Monitoring Temporary Tablespace Usage in Oracle Database

Lists the Contents of the Temporary Tablespace(s), Including Details About Each Temporary Object and Its Associated Session

Sample SQL Command

 1set pages 999 lines 100
 2col username format a15
 3col mb format 999,999
 4select  su.username
 5,       ses.sid 
 6,       ses.serial#
 7,       su.tablespace
 8,       ceil((su.blocks * dt.block_size) / 1048576) MB
 9from    v$sort_usage    su
10,       dba_tablespaces dt
11,       v$session ses
12where   su.tablespace = dt.tablespace_name
13and     su.session_addr = ses.saddr

Sample Oracle Output:

1USERNAME               SID    SERIAL# TABLESPACE                            MB
2--------------- ---------- ---------- ------------------------------- --------
3REP_USER               117       1243 TEMP                                  25
4APP_DATA_OWNER          81         32 TEMP                                 231
62 rows selected.


  • To monitor and analyze temporary data usage within the database, helping to identify potential performance bottlenecks or excessive resource consumption.
  • To gather information about individual sessions using temporary tablespaces, aiding in troubleshooting queries or optimizing overall resource allocation.


  1. set pages 999 lines 100: Increases the output buffer and number of displayed lines to accommodate potentially large results.
  2. col username format a15: Sets the display width for the "username" column for better readability.
  3. col mb format 999,999: Formats the "MB" column with commas for easier viewing of large sizes.
  4. select ...: Retrieves data from three views:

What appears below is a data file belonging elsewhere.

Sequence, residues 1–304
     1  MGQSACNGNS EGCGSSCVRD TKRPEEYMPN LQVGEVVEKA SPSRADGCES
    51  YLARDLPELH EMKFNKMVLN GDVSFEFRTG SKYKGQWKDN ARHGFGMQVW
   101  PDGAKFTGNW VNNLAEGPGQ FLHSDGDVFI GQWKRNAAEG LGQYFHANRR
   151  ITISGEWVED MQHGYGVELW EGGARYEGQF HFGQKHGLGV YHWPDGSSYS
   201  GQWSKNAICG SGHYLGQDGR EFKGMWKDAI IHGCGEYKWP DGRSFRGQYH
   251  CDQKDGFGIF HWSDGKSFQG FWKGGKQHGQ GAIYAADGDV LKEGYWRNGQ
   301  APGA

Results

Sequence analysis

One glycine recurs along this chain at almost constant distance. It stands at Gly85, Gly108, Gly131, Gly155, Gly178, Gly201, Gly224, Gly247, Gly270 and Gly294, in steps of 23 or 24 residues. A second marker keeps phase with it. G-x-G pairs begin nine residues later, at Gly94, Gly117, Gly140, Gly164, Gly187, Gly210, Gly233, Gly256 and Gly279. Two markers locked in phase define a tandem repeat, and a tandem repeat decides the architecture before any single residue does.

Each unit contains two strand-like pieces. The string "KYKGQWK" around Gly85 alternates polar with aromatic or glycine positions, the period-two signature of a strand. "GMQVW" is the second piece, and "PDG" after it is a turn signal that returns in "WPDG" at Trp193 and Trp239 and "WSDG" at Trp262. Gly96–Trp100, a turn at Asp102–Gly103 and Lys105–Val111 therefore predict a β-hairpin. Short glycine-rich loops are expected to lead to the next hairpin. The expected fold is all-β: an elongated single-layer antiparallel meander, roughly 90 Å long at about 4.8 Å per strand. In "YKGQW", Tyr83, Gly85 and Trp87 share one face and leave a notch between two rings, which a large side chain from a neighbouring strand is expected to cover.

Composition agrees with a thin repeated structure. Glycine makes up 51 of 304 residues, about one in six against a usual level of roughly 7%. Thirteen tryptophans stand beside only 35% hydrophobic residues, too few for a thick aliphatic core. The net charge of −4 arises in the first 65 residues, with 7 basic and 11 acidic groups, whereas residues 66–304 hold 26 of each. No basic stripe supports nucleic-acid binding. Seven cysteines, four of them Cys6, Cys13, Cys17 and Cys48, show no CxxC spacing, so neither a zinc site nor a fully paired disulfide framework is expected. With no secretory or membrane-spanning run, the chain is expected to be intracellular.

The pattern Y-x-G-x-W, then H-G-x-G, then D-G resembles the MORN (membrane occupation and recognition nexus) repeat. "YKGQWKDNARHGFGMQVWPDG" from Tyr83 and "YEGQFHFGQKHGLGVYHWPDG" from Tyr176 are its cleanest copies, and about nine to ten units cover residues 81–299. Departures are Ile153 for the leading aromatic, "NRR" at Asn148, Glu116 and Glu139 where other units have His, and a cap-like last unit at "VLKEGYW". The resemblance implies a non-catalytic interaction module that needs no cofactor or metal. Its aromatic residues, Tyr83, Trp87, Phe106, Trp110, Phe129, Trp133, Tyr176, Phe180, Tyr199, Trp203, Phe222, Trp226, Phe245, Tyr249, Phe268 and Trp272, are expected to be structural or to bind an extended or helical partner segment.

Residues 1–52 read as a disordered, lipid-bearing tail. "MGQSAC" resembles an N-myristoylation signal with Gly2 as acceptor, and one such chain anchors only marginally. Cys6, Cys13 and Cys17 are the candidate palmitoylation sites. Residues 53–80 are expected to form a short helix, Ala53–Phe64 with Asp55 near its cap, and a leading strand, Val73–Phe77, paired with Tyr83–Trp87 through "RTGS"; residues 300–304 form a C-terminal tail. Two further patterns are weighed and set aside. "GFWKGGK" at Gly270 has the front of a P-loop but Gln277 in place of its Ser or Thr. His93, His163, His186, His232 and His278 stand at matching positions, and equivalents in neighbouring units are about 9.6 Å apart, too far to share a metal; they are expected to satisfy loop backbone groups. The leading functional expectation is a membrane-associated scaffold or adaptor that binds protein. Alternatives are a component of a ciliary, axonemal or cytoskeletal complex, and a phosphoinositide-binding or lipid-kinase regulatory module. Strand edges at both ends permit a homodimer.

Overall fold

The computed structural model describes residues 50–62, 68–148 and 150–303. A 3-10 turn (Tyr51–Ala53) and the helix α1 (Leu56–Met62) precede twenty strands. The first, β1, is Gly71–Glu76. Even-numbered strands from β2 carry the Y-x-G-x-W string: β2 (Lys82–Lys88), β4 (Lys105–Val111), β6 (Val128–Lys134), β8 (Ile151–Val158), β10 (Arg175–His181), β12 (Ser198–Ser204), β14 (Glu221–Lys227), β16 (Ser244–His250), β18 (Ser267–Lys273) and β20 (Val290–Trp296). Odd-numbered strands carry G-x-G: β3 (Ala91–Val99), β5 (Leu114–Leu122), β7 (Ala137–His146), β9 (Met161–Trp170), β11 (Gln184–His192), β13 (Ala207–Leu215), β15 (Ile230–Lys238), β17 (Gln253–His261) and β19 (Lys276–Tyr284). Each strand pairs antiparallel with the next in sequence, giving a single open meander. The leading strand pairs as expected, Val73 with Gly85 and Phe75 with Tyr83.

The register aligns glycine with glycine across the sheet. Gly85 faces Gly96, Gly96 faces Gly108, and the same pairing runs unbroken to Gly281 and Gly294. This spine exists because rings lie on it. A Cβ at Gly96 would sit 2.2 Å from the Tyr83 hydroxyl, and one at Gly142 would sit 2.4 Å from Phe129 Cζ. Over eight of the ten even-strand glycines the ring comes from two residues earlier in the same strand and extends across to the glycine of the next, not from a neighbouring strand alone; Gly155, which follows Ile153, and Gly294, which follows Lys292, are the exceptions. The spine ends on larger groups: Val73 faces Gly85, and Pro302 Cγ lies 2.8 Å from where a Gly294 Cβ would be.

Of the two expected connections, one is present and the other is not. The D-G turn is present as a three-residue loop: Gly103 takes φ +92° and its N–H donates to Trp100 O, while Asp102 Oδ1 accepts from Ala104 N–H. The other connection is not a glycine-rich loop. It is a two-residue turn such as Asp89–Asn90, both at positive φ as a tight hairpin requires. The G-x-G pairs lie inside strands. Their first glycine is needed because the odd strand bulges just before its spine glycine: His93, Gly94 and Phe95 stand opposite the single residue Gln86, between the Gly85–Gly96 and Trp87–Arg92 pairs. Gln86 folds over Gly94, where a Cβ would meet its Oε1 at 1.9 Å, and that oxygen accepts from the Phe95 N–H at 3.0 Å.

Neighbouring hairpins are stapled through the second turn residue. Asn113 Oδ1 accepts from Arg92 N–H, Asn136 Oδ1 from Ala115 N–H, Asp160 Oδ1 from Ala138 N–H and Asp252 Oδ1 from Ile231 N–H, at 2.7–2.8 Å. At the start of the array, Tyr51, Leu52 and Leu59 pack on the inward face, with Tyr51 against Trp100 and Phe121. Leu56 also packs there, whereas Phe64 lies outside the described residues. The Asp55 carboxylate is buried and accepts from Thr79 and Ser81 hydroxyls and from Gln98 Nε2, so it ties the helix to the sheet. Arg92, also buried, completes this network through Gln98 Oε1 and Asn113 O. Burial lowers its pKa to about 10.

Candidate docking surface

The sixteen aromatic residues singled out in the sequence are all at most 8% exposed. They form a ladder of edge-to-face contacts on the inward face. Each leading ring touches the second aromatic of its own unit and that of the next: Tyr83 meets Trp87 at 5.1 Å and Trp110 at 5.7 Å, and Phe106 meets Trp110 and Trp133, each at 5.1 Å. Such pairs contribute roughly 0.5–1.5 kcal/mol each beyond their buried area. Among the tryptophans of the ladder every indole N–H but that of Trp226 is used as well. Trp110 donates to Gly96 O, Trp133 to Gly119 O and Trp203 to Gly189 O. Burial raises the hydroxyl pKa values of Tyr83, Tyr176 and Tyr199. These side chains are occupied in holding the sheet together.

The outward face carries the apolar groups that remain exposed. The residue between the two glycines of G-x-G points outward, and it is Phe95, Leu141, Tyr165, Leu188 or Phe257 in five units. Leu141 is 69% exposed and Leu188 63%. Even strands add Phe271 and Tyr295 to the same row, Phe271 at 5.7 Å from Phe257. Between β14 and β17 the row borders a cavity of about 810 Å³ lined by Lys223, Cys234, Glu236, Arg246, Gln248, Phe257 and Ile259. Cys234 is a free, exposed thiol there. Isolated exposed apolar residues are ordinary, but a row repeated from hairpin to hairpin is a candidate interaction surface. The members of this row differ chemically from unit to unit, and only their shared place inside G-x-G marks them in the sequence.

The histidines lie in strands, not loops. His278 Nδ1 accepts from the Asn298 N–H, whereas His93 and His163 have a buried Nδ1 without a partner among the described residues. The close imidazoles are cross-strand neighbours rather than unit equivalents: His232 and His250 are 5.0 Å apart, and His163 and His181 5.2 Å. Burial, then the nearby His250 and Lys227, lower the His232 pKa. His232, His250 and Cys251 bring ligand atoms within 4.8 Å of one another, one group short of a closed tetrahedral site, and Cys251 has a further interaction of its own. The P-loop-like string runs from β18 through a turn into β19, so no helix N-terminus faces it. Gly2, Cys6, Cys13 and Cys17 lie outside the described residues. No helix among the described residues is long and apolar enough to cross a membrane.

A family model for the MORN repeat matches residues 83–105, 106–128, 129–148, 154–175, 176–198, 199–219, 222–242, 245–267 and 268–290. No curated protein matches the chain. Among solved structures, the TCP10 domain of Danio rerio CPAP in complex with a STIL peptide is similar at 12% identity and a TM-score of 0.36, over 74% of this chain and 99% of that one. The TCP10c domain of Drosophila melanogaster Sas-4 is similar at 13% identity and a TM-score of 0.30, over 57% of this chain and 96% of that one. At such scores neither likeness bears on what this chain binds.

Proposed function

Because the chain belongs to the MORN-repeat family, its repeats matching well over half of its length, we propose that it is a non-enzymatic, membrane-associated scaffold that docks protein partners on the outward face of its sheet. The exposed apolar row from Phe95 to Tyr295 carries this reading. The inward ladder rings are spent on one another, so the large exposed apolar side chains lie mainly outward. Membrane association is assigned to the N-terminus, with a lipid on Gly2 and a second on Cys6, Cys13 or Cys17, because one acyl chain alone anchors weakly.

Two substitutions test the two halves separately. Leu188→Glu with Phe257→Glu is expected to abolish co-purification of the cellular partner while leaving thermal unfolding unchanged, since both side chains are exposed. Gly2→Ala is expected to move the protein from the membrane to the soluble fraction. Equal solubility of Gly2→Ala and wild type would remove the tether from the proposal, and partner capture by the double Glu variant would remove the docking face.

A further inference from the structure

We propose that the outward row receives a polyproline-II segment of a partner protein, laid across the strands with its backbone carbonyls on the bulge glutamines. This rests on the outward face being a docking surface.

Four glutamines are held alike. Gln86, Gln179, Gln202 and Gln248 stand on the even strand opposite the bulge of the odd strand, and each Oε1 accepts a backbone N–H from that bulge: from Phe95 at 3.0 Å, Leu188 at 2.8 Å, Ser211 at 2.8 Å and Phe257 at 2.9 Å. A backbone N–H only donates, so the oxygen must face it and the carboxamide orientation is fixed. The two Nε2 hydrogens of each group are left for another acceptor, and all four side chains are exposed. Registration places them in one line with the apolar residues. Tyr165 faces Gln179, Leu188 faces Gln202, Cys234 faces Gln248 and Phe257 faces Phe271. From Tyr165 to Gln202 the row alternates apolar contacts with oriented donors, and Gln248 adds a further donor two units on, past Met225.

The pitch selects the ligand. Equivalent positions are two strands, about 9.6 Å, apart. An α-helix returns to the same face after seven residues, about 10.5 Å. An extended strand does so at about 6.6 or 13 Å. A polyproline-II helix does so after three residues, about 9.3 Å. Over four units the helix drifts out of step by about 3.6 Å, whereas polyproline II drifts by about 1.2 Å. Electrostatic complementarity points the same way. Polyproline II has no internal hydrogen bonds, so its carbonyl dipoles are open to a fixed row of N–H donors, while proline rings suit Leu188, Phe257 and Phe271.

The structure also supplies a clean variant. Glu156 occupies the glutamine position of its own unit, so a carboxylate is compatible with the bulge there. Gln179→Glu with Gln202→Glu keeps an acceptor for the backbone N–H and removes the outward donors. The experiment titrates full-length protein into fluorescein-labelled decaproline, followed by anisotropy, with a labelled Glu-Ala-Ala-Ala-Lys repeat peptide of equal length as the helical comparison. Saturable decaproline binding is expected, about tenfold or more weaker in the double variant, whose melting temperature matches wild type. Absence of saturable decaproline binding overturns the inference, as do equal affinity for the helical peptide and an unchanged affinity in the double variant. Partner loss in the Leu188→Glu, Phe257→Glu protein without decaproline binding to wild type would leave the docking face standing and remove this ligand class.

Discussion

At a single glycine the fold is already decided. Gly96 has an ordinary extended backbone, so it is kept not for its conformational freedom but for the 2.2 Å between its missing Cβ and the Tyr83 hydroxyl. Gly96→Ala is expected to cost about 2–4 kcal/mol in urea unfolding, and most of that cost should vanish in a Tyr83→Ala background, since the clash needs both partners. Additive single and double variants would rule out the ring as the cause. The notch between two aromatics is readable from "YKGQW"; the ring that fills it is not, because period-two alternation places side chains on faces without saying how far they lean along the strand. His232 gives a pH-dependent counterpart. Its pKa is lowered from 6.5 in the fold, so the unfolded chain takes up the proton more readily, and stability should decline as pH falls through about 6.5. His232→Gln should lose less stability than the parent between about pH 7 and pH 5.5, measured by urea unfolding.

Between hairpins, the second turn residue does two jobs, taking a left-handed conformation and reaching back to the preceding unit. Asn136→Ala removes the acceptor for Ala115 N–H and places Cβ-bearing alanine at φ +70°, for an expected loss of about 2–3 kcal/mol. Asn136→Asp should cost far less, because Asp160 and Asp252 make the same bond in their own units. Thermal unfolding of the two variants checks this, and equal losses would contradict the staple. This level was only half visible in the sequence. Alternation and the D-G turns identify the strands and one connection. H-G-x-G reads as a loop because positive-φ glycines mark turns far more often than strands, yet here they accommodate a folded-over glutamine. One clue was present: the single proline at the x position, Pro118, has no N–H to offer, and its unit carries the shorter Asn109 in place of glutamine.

• v$sort_usage: Provides information about temporary segments used for sorting operations.
    • dba_tablespaces: Contains details about tablespaces, including the temporary ones.
    • v$session: Offers information about active database sessions.
  5. where ...: Filters the results to include only rows where:
    • The temporary object's tablespace matches the tablespace name in dba_tablespaces.
    • The session address using the temporary object matches the associated session in v$session.
  6. order by ...: The output is not explicitly ordered in this code snippet. You can add an order by clause to sort the results based on specific columns like username, size, or session ID.

Key Points:

  • This code requires appropriate privileges to access the referenced views (typically DBA or SYSDBA).
  • The displayed size uses the block size configured for the tablespace(s). Ensure you understand the block size conversion to megabytes (MB) for accurate interpretation.
  • This code captures a snapshot of temporary usage at the query execution time. Consider monitoring or scripting repeated execution for dynamic insights.
  • Analyzing the size, user, and session information can help identify inefficiencies, performance issues, or potential security concerns related to temporary data usage.

Insights and Explanations:

  • Monitoring temporary tablespace usage is crucial for ensuring efficient resource allocation and preventing performance bottlenecks. This code provides a starting point for further analysis and investigation.
  • Correlating session IDs with user information can help pinpoint specific users or queries contributing to high temporary data usage.
  • Consider combining this code with other queries or tools to track changes over time, analyze specific sessions, or identify long-running temporary objects.

Remember to use this code responsibly, understand its limitations, and tailor it to your specific monitoring needs and database configuration.

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